Surgeons facing the delicate work of recreating a breast post-mastectomy now have a first-in-Canada training tool: a custom-developed microsurgery training chest simulator that “breathes.”
Simulators recreate all or portions of the human body to allow surgeons-in-training to hone their microsurgery skills. The more realistic the simulator, the better prepared the surgeon will be.
This simulator trains surgeons for a procedure called the DIEP flap, a method of transferring a woman’s own abdominal tissue to reconstruct her breast. This challenging microscope-guided surgery requires connecting an artery and vein – each about the width of a piece of spaghetti – deep within a tiny chest incision. To complicate matters, the location over the lungs and heart is literally a moving target as the patient breathes during the procedure.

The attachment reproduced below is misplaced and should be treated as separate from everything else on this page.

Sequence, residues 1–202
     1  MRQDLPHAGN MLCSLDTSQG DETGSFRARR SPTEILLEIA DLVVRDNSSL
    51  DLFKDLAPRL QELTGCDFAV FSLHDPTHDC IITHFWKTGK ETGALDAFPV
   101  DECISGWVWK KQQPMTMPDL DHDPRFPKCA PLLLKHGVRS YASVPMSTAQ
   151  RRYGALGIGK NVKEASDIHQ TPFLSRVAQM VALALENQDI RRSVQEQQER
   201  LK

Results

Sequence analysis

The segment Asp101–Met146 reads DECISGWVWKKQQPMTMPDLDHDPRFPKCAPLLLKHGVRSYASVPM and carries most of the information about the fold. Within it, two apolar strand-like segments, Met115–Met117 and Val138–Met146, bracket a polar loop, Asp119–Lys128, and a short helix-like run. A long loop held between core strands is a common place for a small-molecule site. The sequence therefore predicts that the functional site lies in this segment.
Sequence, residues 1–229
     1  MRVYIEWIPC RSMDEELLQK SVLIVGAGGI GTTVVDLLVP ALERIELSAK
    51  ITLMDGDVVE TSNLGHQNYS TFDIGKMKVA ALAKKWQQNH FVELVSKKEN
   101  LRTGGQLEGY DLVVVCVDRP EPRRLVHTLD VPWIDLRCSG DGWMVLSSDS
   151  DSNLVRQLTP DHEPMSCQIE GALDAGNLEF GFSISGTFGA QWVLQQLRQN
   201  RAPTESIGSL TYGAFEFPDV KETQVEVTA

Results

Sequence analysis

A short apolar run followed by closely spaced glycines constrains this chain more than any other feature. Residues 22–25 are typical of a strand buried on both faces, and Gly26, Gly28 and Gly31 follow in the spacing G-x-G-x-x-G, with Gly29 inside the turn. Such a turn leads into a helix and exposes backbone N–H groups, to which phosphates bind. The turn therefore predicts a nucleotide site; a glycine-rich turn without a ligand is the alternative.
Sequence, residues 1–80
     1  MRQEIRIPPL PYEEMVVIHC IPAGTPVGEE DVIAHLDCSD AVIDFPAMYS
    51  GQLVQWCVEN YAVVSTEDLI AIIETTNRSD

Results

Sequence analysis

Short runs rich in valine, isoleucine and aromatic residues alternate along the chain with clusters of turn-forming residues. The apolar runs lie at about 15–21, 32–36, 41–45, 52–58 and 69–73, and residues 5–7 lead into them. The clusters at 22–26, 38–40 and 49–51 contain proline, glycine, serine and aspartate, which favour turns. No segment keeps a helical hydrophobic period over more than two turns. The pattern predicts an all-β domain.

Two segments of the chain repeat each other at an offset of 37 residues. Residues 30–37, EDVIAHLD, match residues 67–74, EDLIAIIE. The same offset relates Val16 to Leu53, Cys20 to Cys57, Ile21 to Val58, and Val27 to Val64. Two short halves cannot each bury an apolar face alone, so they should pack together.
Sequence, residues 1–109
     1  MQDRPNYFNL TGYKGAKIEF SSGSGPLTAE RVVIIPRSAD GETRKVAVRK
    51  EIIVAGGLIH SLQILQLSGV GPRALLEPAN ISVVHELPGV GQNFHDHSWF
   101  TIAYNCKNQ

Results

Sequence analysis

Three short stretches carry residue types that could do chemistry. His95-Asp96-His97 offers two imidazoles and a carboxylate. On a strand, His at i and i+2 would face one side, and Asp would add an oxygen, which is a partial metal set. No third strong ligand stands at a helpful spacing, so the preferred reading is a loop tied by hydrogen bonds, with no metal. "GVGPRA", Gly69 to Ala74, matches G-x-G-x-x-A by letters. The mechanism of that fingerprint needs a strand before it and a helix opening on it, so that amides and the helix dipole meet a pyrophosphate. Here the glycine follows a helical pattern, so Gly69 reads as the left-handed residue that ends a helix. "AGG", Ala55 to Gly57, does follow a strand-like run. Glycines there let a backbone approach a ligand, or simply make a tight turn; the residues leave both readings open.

“We can challenge and prepare our students by varying the breathing rate, which they find very helpful,” says Agnes Ryzynski, Sunnybrook’s Canadian Simulation Centre manager, who co-developed the simulator with Sunnybrook plastic surgeons Dr. Laura Snell and Dr. Joan Lipa.
“This is by far the most technically difficult, yet safest and best, method of breast reconstruction for patients in the long term,” says Dr. Snell. “By training a new generation of surgeons, the hope is to make it an option for more women.”